In this tutorial, i explain the use of a line drawing algoritm to distribute PWM pulses to reduce flicker with dimmed led’s.
PWM is cool. It’s an acronym for Pulse Width Modulation
. You can use it to make awesome synthesizer sounds, drive servo motors, and control the brightness of led’s!
The trick with lights is a kind of magic. When you switch a led on, its almost instantly on. No heating up or such as you would with a regular incandescent bulb (note 3). it goes to maximum brightness in a microsecond. the same thing happens when you turn it off. It has no afterglow. If you turn it on and off very quickly, and i mean many many times a second, the human mind cannot see it going on and off again any more. Above 100 flickers per second, or 100 Hz, the human brain can no longer distinguish the on/off pulses and sees it as a constant brightness (note 1).
I used this effect to dim the lights of my lego truck project, and save a lot of battery power on the side!
This persistence of Vision can be used to dim the leds at almost arbitrary brightness. Let’s use some widely known definitions: a complete cycle on and off is called a pulse. The length of time it is on, compared to the time it is off, is called the pulse width. If you lower the ratio between on and off, the led appears to be dimmer.
Now there’s a little problem with that pulse width. If the total length of the pulse is too long, the eyes start to notice the on/off effect. In practice, this just means that the off-period basically is too long. Especially when doing PWM in software, this can be a nuisance because you cannot switch the led’s on and off fast enough to hide the flicker.
The solution used on most of the software PWM libraries, like softPWM
or the excellent M5451 library
, is to evenly distribute the times over the entire pulse time, as shown in the crude drawing on the right.
In this example, we have a total pulse time of 100 units, say milliseconds, but the LED is only on for 20% of the time. Instead of turning it on for 20msecs and turning it of for 80, we turn it on for 5 msecs with 20 msecs in between. Over the total period of 100 milliseconds, the led was on for an equal amount of time, but without the noticeable 80 milliseconds. Going even further we could turn it on for 1 msec and off for 4 msecs (20 times). The principle of dividing the pulse to achieve the same average density is called Pulse Density Manipulation or PDM (note 2)
Distribution of on/off times
This was a easy example. We calculated this one by hand. But if we wanted to change the brightness to let’s say 57, that would become more difficult. “Oh yeah, it’s easy” you say, “just divide the 57/100, we only need to ….” ah you see? it gets difficult.
In the early days of computer programming, there were no OS core graphics libraries to use, or even download the libraries from the internet. Everything had to be programmed by hand. There was the simple problem of drawing a line on a pixelated computer screen, on its own a difficult concept. You could use floating point arithmetic to calculated the coordinates but that was far from efficient.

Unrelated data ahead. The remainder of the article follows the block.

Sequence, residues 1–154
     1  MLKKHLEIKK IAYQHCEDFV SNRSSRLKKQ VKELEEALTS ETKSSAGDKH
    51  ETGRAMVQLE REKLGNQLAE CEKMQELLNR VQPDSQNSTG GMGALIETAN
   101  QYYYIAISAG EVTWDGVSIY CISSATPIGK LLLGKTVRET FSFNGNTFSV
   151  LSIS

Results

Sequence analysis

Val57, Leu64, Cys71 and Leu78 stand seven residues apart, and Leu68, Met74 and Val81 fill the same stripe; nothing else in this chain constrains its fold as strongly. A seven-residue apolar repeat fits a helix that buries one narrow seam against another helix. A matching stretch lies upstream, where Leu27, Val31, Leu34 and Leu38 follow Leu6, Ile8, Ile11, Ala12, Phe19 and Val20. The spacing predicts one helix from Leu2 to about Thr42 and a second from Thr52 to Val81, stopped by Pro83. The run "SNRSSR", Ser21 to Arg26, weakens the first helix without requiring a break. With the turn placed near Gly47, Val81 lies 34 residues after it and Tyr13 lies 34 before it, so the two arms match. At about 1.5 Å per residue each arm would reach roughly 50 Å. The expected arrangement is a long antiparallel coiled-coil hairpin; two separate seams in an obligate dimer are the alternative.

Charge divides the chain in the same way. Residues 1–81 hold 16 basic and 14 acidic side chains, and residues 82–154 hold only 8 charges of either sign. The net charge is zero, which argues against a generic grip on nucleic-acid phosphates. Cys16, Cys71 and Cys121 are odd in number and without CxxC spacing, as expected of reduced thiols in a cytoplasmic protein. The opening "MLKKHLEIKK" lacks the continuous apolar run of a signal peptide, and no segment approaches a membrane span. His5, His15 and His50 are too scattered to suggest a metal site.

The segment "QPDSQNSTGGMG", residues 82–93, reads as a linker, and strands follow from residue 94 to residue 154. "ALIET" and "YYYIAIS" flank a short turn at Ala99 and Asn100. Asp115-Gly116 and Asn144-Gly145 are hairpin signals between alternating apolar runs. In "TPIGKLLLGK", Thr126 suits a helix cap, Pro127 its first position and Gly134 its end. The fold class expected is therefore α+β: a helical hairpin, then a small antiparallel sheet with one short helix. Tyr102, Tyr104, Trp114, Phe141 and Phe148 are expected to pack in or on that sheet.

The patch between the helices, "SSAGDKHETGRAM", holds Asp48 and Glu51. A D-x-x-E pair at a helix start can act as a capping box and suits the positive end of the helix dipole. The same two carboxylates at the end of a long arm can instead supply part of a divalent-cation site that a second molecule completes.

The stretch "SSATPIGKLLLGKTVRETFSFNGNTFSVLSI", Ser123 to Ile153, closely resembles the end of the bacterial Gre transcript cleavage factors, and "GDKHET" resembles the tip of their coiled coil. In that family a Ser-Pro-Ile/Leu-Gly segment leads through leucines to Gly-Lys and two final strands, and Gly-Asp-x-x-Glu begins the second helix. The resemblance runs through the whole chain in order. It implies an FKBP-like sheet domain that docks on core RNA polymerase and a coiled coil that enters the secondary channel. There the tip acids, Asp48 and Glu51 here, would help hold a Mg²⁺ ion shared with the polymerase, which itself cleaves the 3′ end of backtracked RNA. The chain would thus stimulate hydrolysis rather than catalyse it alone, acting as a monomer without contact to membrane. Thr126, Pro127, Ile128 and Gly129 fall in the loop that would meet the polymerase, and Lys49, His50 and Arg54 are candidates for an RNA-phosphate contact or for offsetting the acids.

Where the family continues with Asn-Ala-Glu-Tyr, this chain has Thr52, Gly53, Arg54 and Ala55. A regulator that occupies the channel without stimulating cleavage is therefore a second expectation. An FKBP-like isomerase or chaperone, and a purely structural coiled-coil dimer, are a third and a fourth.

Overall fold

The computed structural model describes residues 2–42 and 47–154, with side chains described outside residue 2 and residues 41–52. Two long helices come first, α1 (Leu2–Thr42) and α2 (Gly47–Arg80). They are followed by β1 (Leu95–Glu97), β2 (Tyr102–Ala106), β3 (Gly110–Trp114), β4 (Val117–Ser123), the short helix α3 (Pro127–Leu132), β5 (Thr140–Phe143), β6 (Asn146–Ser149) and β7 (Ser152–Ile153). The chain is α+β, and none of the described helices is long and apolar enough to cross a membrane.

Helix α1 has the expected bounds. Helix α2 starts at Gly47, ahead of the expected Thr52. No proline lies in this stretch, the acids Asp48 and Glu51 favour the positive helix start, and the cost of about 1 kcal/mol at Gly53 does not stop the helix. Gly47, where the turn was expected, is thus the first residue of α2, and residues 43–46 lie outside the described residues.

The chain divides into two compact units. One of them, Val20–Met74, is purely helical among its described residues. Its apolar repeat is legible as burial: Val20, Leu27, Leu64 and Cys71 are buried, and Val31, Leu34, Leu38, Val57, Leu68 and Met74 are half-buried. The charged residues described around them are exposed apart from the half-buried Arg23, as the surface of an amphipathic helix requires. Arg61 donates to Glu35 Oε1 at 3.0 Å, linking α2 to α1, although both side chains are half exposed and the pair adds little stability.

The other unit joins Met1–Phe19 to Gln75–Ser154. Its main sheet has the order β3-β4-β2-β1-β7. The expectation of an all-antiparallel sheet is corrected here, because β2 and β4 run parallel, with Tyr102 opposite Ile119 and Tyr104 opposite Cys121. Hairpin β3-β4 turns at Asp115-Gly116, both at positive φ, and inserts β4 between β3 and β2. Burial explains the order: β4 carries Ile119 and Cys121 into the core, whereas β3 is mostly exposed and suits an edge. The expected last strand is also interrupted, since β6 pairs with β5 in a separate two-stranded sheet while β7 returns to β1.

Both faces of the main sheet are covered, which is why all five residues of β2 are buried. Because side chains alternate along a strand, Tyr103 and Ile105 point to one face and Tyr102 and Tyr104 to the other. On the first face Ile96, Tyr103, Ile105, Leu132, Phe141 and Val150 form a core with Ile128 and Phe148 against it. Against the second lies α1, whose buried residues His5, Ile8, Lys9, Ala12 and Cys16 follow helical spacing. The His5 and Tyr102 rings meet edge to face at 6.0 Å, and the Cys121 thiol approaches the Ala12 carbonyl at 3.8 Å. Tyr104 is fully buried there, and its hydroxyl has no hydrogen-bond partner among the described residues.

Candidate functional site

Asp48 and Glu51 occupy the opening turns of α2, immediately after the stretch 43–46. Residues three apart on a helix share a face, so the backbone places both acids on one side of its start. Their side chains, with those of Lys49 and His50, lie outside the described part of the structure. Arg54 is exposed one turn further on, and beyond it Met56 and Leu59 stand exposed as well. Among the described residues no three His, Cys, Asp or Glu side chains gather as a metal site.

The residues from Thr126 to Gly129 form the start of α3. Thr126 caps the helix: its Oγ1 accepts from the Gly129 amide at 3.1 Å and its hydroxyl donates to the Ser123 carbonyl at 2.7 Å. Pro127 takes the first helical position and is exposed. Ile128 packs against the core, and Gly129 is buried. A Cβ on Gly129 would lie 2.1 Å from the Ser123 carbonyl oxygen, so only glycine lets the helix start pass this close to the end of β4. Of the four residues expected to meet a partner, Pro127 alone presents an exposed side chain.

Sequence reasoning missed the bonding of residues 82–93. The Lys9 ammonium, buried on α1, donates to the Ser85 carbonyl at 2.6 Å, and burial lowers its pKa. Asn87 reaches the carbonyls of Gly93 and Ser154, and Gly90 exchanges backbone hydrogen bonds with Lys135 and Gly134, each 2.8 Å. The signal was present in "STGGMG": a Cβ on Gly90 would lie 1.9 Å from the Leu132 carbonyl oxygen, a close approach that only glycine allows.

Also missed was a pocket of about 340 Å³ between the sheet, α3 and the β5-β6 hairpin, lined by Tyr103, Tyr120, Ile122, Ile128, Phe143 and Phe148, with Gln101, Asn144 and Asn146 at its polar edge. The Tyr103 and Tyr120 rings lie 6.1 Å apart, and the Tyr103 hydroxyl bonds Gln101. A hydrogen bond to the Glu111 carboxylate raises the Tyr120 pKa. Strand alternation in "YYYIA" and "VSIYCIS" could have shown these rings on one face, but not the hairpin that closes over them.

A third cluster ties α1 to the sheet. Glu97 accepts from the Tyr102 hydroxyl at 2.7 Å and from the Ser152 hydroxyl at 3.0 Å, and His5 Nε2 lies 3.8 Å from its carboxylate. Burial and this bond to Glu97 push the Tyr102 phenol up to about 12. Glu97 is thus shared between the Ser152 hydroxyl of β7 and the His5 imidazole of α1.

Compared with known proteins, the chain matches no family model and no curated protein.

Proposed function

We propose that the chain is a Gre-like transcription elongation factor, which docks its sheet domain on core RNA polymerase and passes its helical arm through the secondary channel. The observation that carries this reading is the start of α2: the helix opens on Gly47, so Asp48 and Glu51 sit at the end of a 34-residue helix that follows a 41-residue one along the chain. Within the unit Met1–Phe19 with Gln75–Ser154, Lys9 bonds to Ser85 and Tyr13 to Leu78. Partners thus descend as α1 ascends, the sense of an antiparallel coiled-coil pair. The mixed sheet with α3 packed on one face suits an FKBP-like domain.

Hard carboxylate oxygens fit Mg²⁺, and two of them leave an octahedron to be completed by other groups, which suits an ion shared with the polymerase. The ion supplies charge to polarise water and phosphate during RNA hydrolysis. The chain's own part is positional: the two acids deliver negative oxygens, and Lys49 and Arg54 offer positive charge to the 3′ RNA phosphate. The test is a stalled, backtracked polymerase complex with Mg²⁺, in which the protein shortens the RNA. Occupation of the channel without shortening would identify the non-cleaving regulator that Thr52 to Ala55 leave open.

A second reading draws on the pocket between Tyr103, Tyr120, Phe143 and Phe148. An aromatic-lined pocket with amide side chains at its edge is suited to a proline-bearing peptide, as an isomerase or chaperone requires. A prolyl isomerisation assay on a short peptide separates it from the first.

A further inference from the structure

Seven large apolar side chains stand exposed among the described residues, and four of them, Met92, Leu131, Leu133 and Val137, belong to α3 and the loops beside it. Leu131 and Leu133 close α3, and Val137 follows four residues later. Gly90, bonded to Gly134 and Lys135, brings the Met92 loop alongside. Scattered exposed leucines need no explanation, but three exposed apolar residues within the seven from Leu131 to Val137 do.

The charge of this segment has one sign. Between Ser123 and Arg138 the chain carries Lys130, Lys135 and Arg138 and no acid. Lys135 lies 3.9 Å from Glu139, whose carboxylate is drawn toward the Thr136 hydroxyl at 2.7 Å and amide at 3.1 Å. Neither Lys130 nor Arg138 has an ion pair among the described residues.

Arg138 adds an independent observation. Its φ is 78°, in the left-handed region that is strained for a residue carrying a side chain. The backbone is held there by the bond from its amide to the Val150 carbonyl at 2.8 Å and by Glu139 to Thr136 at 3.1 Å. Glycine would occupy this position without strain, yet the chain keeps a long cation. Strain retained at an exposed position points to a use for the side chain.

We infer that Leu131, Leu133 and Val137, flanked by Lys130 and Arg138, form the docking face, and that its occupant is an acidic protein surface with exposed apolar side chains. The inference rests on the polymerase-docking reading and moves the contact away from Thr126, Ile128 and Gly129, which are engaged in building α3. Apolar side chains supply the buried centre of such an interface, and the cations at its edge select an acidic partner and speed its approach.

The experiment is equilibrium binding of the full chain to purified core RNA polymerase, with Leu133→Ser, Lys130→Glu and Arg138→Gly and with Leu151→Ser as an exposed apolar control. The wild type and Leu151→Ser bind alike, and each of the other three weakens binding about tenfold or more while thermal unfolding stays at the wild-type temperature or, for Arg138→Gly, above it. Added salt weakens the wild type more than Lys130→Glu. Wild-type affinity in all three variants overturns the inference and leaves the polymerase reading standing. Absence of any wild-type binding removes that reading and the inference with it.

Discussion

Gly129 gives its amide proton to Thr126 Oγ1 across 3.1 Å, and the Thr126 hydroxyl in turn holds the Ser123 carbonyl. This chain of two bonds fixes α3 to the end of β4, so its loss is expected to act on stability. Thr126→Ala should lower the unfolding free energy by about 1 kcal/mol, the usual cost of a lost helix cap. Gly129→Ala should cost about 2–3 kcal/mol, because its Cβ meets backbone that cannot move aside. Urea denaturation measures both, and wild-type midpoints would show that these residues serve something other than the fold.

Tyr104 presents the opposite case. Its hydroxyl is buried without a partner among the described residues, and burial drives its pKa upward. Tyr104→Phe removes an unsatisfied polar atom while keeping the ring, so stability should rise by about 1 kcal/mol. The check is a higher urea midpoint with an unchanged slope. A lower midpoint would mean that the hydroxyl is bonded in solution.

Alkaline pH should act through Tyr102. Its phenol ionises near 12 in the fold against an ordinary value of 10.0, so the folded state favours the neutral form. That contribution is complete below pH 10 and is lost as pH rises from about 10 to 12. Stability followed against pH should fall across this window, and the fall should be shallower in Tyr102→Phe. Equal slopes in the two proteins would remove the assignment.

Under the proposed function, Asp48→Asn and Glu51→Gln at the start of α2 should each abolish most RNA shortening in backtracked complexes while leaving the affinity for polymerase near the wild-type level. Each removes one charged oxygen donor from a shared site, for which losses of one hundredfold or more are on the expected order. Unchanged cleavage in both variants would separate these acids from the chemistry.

An excellent mathematician named Bresenham came up with an algoritm to draw lines
without the need for floating point numbers. All could be done with standard integers. Basically the algorithm magnifies the floating point fractions to a number big enough to fit in an integer.
|Look at the right, A) is a most simple, 45 degree line. and B) a flatter line.
With a) for every horizontal step, the vertical step is increased 1. Line B) is much less steeps, and needs more horizontal steps before increasing the vertical value.
Using steps to draw a line in computer graphics
Back to our pulse distribution problem. We use the vertical steps as ‘ON’ pulses, while the time is indicated by the horizontal steps.
As time progresses to the right, we check if a vertical step is needed. If the vertical rises one step, we turn the light on. If it stays on the same vertical, turn it off.
The process repeats at the end of the graph, we start with 0 again, looping until infinity.
Using line drawing logic to distribute the pulses
Until now, i’ve used the number 100 as a maximum time, and brightness. Computers like to work with multiples of 2, so in my software i used the maximum value of a single byte, 255. 0 is fully off and 255 is maximum brightness (always on).
Although Bresenham’s algorithm can cope with lines going to the left, right, up, down in all directions, for our problem we can ignore all those other quadrants, because our vertical increase is always less than 100%, compared to the time passed. We can use this effect to simplicate our algorithm. The algorithm below was taken from the Wikipedia page for Bresenham’s algorithm. I won’t repeat the intricate working here, the wiki page does a far better job than me.
By using constants for x0, x1 and y0 the algorithm gets substantially simpler.
Optimizing the algoritm
After optimisation, the function turns down to this:
I recognise the work of others as mentioned before, and I know that this algorithm is used in other places. But I didn’t understand the inner workings at first, therefore i wanted to re-invent it myself as a study. Needless to say, the end result is surprisingly similar to G.Andrew Stones M5451 driver
. As such, he deserves credit for using the concept.
Rob van der Veer
- The frequency of Vision Persistence was not 30 Hz, but 100 Hz (thanks to Headroom for pointing that out)
- The principle explained here is Pulse Density Manipulation and is not really PWM (stimmer)
- As a reader pointed out, there’s no problem using PWM to dim a regular bulb – something i didn’t know.
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